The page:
Saturday afternoon, I was able to drive to Powder Springs, just northwest of Atlanta, to see my alma mater, Loyola College, take on Notre Dame in the season-opening lacrosse game of the 2009 season.
There was close to 4,000 fans at the game, many of them kids from grade-school age to high schoolers, carrying lacrosse sticks and wearing team jerseys. Lax has blossomed in the state of Georgia with 51 boys teams, and 56 girls teams playing in the state association in 2009. Later this year, Harvard’s men’s team will travel to the Atlanta area to take on Presbyterian in late March in another showcase game. Plus, let’s not forget that the weather in Atlanta was probably better than Baltimore’s or South Bend’s this time of year.
Prior to the game, the Loyola alumni association held a small gathering for parents and alumni outside of the stadium. Many thanks to Chris Johnson, Loyola’s assistant director of alumni relations, who set up the pre-game reception. My wife and I joined in to cheer the Hounds from the stands with those who made the trip down south.
The game was a tough one for the Greyhounds. Loyola had two huge chances to tie the game in the final minute, but Fighting Irish goaltender Scott Rodgers came up big both times, and Notre Dame escaped with a hard-fought 10-9 victory, despite four goals and an assist by Loyola’s Collin Finnerty.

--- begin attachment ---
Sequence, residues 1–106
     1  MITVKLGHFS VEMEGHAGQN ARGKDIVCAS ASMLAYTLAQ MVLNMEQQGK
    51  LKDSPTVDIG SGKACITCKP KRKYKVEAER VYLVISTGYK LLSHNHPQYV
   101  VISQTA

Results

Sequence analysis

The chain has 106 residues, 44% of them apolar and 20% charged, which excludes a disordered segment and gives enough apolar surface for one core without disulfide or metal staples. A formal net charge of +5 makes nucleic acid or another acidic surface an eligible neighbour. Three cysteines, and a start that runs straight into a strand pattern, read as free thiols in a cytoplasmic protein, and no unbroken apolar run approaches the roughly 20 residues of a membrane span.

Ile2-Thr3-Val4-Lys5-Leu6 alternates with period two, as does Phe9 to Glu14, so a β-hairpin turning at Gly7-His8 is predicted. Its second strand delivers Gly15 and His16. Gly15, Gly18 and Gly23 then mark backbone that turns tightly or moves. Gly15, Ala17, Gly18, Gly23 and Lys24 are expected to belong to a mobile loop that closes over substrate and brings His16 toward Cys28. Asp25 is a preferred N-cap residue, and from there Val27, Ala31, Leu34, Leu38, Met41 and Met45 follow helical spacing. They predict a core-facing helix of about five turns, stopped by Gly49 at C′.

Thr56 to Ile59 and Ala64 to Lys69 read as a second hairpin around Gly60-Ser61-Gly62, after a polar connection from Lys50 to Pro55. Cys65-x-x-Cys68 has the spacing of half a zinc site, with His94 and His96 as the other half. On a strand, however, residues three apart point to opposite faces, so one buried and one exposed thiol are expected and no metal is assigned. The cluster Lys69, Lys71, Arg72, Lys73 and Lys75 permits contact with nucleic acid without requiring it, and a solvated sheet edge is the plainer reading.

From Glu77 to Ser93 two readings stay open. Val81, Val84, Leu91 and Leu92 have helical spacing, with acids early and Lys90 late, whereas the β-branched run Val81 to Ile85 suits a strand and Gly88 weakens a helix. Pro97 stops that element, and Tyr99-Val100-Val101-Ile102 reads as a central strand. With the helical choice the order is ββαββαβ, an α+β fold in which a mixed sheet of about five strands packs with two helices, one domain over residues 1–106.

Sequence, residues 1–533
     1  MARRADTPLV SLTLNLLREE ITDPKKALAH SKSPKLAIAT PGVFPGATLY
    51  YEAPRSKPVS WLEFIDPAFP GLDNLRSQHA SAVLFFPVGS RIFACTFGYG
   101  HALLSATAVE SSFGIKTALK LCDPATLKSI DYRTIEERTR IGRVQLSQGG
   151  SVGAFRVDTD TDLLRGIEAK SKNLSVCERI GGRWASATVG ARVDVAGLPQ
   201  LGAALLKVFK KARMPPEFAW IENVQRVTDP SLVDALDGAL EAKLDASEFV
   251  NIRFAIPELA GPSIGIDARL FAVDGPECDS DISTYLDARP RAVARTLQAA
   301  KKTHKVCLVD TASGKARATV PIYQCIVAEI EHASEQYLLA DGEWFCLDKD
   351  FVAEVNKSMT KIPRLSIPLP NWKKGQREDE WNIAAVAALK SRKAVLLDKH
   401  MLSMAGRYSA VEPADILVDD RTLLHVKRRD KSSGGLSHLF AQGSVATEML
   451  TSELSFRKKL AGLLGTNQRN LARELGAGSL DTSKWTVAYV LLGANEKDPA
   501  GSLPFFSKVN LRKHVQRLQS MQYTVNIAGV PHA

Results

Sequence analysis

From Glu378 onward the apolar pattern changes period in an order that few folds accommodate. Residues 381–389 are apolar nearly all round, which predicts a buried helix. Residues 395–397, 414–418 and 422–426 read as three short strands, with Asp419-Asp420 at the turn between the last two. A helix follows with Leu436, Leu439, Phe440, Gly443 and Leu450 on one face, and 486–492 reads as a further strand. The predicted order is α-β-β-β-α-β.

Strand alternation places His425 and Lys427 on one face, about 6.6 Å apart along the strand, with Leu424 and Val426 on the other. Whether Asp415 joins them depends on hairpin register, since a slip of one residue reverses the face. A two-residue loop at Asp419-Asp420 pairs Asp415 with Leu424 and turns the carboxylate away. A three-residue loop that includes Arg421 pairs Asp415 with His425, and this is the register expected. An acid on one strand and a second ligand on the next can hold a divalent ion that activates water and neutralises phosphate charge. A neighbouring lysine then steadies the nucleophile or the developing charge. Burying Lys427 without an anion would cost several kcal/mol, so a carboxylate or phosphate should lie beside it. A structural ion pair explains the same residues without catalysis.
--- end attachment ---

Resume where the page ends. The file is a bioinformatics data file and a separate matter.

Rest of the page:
The real winner were those young players that had a chance to see some of the best college lacrosse up close and pick up pointers on the little things that make successful players at that level.
I visited with Loyola’s longtime director of sports medicine, Joe Artuso, A.T., C., who has been at the school for 23 years – and who was there when I worked as a student manager for the basketball team and in the sports information office. Joe is one of the true institutions at Loyola, as several hundred student-athletes have been under his and his staff’s care at one time or another.
I also spent a few moments with assistant athletic director for external affairs Marty Kelly, who also made the trip to Atlanta. Another Loyola grad who stayed at the school as an employee, Kelly is very optimistic about the future of the Greyhounds’ soccer and lacrosse programs with the upcoming completion of the new Intercollegiate Athletic Facility near campus.
Much has changed at Loyola since my graduation in 1987 and my one year as a full-time athletic department employee from 1987-88 (including the school’s official name next year to Loyola University Maryland), but the overall growth of the institution and the maturing of the Hounds’ Division I athletic program (and facilities) is point of pride for those of us who made the trek to North Charles Street to earn our degrees and who were part of the athletic program in the days of the transition from Evergreen Gym to Reitz Arena.